Location: Dublin Est: 2012

Potted History: “I’m an opera, theatre and video director and producer with an MBA in finance from Columbia Business School,” explains Heresy label boss Eric Fraad in one of the best opening gambits we’ve heard in a while. “My wife, Caitríona O’Leary, is a traditional Irish singer and we founded an Irish-based ensemble called eX in order to create fully-staged musical spectacles. As we were working with some of the leading singers and instrumentalists and guest directors in their genres, we decided to lengthen our production schedules to include recording. We recorded seven albums before we launched the label in March 2012.”

Mission Statement: “I’m known as a provocateur in theatrical circles; creating controversial interpretations of classical opera, drama and mash-ups of music, dance and literature is my signature,” continues Eric. “I’m basically a storyteller and my natural inclination is to create works that are non-linear, thought-provoking and surprising. When I founded the label, I decided to adopt a similar unorthodox ethos, hence the name Heresy. The idea was that each album would tell a story in a unique manner. What we hoped to manifest was a subversive art music label with a theatrical flair.”

Key artists & releases: You won’t be remotely surprised to hear that the label is wildly eclectic. Renowned for their work in the traditional, folk and classical world (in particular ‘The Wexford Carols’, a Number One album drawn from melodies that had, for the most part, been lost since the 18th century), of real interest here are their recent forays into electronic music. Working with a raft of contemporary Irish composers, including the likes of Daniel Figgis and Cathal Coughlan, their compilations ‘On The Nature Of Electricity & Acoustics’ and the recently released ‘A Map Of The Kingdom Of Ireland’, are highly recommended. Label mainstay Roger Doyle is an interesting chap too. The sleeve of his electronic opera ‘Heresy’ alone is a marvel, while his 2015 album ‘Time Machine’, based on answerphone messages he kept from family and friends in the late 1980s, is hauntingly beautiful.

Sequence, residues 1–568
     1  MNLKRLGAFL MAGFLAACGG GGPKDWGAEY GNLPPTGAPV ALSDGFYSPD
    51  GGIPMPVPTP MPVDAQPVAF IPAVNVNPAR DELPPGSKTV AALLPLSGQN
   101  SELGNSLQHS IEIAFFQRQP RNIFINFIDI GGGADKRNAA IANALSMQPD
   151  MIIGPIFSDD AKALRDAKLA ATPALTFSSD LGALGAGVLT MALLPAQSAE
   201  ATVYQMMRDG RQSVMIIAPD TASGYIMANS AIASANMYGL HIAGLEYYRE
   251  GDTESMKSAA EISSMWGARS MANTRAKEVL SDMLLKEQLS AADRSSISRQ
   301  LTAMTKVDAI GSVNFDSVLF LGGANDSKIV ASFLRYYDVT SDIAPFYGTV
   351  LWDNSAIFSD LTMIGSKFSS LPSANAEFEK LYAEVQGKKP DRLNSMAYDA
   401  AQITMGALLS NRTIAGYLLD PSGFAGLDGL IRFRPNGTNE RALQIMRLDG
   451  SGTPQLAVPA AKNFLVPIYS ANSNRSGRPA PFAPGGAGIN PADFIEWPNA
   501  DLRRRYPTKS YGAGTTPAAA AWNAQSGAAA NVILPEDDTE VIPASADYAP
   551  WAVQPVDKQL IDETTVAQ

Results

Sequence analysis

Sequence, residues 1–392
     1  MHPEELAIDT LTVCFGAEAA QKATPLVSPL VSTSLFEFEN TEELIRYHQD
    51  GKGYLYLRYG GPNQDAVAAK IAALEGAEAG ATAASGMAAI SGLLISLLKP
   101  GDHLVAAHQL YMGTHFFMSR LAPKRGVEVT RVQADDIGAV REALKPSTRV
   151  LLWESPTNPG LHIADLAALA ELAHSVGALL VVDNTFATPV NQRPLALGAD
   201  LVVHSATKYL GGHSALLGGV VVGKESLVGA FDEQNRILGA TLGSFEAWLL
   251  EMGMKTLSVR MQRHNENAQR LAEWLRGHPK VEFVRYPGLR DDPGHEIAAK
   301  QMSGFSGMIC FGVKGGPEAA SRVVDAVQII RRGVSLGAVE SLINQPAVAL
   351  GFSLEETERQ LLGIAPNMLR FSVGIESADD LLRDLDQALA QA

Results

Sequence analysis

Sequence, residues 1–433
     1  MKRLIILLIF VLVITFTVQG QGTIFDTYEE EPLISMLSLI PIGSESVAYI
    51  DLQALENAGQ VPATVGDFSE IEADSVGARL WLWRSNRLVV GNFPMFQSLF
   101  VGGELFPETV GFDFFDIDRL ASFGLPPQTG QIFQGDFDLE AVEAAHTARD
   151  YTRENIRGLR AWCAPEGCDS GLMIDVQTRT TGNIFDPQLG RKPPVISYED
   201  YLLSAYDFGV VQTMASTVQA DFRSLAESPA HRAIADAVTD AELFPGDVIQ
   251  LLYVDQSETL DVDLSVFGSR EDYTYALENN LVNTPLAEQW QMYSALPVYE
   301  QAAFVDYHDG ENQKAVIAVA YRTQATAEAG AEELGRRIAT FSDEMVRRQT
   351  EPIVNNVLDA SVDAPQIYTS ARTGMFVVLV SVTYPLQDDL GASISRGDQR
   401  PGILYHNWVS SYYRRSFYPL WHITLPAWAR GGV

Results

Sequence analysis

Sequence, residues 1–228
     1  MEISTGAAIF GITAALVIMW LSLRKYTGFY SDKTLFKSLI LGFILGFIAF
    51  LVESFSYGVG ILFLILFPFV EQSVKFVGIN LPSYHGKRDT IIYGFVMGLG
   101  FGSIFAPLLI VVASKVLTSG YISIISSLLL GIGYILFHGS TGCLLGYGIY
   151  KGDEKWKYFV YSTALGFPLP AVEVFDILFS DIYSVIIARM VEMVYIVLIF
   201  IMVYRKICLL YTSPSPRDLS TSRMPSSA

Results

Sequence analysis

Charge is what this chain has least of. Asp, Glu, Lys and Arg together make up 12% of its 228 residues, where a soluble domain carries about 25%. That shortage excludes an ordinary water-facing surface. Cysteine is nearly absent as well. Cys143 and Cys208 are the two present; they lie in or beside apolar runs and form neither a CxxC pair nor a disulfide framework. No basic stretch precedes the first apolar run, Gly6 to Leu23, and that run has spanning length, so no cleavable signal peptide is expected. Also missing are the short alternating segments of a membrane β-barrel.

Future Plans: “We have plans for both large expensive projects and small intimate ones,” concludes Eric. “I’m in conversation with a couple of artists including an electronic music composer in Germany that I believe will result in some very interesting new releases for Heresy. As for the dream – there never was one. I was working with many leading artists in a few genres and it seemed a natural choice to found a label and record the music that we were performing.”

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